At its core, an exchange of Bitcoin is a simple P2P transaction. For personal use, a user installs a Bitcoin “wallet” on a computer, tablet or smartphone. The wallet stores a collection of cryptographic keys. When the user enters into a transaction, a key is used. No key is ever used twice, and new keys can be generated as often as needed. The wallet keeps secret data that is the “signature” of the user — proving ownership and preventing the transaction from being altered after it is issued. Once a deal is finalized, the user issues the payment in the form of a transaction key.
While most users believe their Bitcoins are also kept within their wallet, the truth is that their bitcoins are maintained as part of a blockchain, residing in cyberspace. The blockchain is a form of shared public ledger, which is the Bitcoin network. Every “confirmed” transaction made throughout the world is recorded in the blockchain. This does not mean that the personal identity of the parties is recorded; it means that the unique keys used in the transaction and the identifiers that belong to the unique wallets of the transacting parties are stored in chronological order within the ledger that is the blockchain.
Before a transaction can be entered into the blockchain, it must be confirmed. This is done through a network of users in a process referred to as “mining.” Each transaction made is packed into a block that is sent through the network to multiple “miners” who have agreed to use all or part of their computers’ processing capacity to verify transactions. Transactions are broadcast between the payer and payee and typically, the transaction confirmation process begins within moments.
The idea behind mining Bitcoins is that by passing through multiple “hands,” the transaction is verified and enforces the chronological order within the Bitcoin blockchain. It also prevents anyone from altering the transaction in any way, either during the confirmation process or afterward when the transactions are confirmed and become part of the blockchain.
In exchange for the use of their computer processing power, miners are paid a commission on each transaction they handle during the verification process. These fees are significantly lower than fees charged by traditional banks and financial institutions, which saves users money. The fees also serve as a way to generate new Bitcoins.
Additional advantages that Bitcoin transactions have over traditional credit card or electronic transfers is the ability to require multiple and specific “signatures” on each transaction. This makes the system ideal for non-profits or other organizations requiring two or more managers’ approval for expense payment.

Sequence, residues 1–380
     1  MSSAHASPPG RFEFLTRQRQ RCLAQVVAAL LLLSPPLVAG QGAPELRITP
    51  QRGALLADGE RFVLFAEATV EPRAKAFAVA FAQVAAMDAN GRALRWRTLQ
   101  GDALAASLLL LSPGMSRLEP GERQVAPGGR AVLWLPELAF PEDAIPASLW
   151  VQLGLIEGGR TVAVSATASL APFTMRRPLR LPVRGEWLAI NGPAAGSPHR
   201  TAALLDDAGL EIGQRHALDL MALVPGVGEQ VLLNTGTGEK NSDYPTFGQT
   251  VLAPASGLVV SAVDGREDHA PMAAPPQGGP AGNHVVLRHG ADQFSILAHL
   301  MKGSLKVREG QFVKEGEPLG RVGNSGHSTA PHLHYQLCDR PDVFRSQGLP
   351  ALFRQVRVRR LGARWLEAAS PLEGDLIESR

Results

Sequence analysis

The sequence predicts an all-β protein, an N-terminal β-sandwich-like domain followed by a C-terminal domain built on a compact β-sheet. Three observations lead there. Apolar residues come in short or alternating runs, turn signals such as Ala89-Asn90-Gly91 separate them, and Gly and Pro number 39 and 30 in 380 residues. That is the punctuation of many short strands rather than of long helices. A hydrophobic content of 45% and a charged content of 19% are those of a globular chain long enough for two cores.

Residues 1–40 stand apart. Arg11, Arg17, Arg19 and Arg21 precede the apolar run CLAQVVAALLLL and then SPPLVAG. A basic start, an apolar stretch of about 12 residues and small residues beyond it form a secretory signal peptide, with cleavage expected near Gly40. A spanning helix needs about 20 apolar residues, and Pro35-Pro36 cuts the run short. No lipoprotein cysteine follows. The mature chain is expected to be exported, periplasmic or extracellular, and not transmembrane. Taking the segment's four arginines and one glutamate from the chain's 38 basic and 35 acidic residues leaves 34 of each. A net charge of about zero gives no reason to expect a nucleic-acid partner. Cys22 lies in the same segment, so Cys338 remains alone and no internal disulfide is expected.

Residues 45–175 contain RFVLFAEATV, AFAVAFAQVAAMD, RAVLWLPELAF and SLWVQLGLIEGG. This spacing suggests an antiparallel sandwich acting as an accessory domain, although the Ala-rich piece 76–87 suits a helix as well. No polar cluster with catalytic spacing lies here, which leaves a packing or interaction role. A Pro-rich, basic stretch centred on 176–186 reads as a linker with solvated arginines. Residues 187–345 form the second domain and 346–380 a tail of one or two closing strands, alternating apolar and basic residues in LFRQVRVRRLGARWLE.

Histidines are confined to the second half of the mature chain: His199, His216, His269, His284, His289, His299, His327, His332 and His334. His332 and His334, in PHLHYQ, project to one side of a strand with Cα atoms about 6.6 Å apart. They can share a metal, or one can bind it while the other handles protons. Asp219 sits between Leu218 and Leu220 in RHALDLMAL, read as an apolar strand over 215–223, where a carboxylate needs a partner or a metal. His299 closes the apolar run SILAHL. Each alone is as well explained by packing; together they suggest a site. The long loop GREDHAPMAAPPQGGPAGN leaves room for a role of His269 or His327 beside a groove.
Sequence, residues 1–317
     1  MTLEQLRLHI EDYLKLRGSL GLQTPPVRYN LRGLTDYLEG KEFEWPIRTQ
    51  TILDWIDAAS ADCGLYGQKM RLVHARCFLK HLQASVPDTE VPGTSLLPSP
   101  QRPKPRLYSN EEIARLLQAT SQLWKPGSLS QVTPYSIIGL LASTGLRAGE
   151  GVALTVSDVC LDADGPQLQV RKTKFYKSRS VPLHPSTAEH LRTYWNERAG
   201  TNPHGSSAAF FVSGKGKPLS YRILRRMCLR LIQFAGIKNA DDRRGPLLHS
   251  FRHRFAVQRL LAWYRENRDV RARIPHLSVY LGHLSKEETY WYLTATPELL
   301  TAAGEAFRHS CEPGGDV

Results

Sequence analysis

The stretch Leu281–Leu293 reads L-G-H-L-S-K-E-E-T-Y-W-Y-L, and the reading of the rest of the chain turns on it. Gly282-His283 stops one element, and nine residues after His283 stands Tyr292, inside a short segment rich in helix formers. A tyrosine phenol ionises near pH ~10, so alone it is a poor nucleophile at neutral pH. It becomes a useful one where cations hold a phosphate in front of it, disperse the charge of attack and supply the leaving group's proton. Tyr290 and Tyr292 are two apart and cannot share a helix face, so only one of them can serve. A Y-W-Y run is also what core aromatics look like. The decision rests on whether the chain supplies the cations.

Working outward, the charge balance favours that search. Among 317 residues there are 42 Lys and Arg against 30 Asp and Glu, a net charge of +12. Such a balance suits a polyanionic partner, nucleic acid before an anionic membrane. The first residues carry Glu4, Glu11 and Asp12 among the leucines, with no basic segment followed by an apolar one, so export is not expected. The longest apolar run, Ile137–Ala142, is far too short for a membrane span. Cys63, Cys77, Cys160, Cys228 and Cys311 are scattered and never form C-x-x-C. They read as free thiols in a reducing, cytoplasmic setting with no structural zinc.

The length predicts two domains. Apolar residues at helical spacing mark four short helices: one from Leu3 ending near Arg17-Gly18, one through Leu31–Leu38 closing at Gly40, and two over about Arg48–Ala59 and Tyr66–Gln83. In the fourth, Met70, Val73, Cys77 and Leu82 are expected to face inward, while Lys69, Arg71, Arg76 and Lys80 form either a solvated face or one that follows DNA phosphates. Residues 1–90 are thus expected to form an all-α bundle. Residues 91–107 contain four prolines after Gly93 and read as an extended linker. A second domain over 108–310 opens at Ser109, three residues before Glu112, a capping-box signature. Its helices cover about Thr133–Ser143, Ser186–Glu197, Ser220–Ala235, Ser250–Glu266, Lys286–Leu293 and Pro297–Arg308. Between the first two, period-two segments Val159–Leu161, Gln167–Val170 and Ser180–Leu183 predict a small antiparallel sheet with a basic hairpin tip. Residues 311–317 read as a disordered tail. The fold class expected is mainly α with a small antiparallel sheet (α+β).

Because of the ease of cross-border transactions and low cost of using Bitcoin, it is rapidly becoming a mainstream currency throughout the business world. Quickbooks, which is reported to maintain 85 percent of the small-business accounting market in the U.S., recently began to offer their users the ability to accept Bitcoins as payment from customers along with traditional credit cards and bank wire transfers. Virtual stores like Amazon.com, Overstock.com and TigerDirect.com all welcome the use of Bitcoin, as do brick-and-mortar stores such as Home Depot, Kmart, Sears, and CVS Pharmacies.
While the use of virtual currency now makes global commerce between users easy and quick, it may also make cross-border crimes like extortion and kidnapping a bit easier. It is no secret that a key hurdle perpetrators face in kidnapping and extortion plots is obtaining payment from the victims. If notified, law enforcement will typically attempt to follow the ransom money back to the bad guys. But cryptocurrency like Bitcoin makes it more difficult to track transactions.
Bitcoin has already been adopted as a currency of the Dark Web, being used for transactions of illegal goods on a daily basis on such sites as the Agora Marketplace, which replaced the FBI-confiscated Silk Road as the largest drug marketplace on the Internet.
While calls continue to legislate controls upon or place an outright ban on cryptocurrency, the fact seems that the positive sides of cryptocurrency far outweigh the problems that are associated with its use for nefarious deals. Bitcoins and other cryptocurrencies are here to stay. As a consequence, law enforcement and Internet security firms will be tasked to develop methods to protect themselves from the potential increase in extortion and other crimes that are now made easier on a global scale.
Compounding security problems now seen by the use of Bitcoin is a growing number of new cryptocurrencies entering the cyber realm. At least eight new cybercurrencies were introduced in 2014, and more are on the way. Ultimately, like the fight between Beta and VHS, a winner will prevail as the dominant international cryptocurrency. Unfortunately, one or more may also become favored by dark forces, keeping security and law enforcement busy well into an unknown future.